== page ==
Seven of Cups β€” Victorian Trade Card Tarot

Wednesday, March 21st, 2012

Marcia McCordDeck by Marcia McCord


This Seven of Cups depicts an apothecary mixing medicines with his gigantic mortar and pestle. His own chosen potion peeps from the back pocket of his pants.


The occupation of apothecary dates from some of the earliest written recordsβ€” at least 2000BC in Egyptβ€” through the 19th century. In addition to selling medicinal compounds, he offered medical advice and services now performed solely by medical specialists. The apothecary is mentioned in the King James Version of Exodus Chapter 30 verse 25: “and thou shalt make it an oil of holy ointment, an ointment compound after the art of the apothecary: it shall be an holy anointing oil.”


The Oxford translates this same chapter: β€œand you shall make of these a sacred anointing oil blended as by the perfumer; a holy anointing oil it shall be.” A perfumer is an artist trained in the concepts of fragrance aesthetics, capable of conveying abstract concepts and moods with fragrance compositions. The word perfume comes from the Latin “per” meaning “through” and “fumus” meaning smoke: the first form of perfume was incense. Perfume was initially developed to attract the goodwill of the gods. For many years, perfume use was restricted to religious ceremonies performed by priestsβ€” and to the very wealthy. This gives the Seven of Cups a bit of a smoke-and-mirrors feel I associate with it.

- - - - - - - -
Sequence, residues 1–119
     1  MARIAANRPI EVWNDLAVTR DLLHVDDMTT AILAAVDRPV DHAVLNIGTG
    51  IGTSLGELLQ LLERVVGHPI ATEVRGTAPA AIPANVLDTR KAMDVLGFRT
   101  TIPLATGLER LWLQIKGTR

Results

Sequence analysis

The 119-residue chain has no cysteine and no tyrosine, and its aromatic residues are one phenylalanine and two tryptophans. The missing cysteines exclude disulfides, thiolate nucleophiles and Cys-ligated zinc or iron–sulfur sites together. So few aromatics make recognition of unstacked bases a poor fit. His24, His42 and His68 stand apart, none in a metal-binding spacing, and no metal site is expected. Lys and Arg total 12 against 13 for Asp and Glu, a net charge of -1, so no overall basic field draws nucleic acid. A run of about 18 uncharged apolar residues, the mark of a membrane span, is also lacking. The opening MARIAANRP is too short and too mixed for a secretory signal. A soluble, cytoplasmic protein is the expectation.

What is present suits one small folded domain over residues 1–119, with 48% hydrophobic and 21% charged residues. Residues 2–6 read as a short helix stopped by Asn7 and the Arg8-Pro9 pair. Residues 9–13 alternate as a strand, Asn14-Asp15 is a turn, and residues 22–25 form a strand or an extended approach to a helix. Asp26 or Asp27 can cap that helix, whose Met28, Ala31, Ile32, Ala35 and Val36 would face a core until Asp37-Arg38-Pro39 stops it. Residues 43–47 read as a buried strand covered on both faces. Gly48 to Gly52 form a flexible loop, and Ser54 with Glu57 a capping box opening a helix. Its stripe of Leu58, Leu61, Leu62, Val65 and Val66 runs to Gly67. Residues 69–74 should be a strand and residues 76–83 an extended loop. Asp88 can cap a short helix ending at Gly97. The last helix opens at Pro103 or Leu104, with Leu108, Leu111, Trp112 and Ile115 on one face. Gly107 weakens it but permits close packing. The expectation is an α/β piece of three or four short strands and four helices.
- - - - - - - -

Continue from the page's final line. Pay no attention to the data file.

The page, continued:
Both the perfumer and apothecary were chemists, the difference between the two occupations being historically nebulous at times. Both perfumer and apothecary used potions in attempt to bring dreams into reality: dreams of health, dreams of heaven, dreams of love.


With every dream, there is a risk of illusion. Those prone to intoxication and escapism have no clear boundary between reality and fantasy and thus fall easy prey to the claims of the snake-oil salesman. The goal to distill the workings of a highly-developed imagination from the substance of every day life.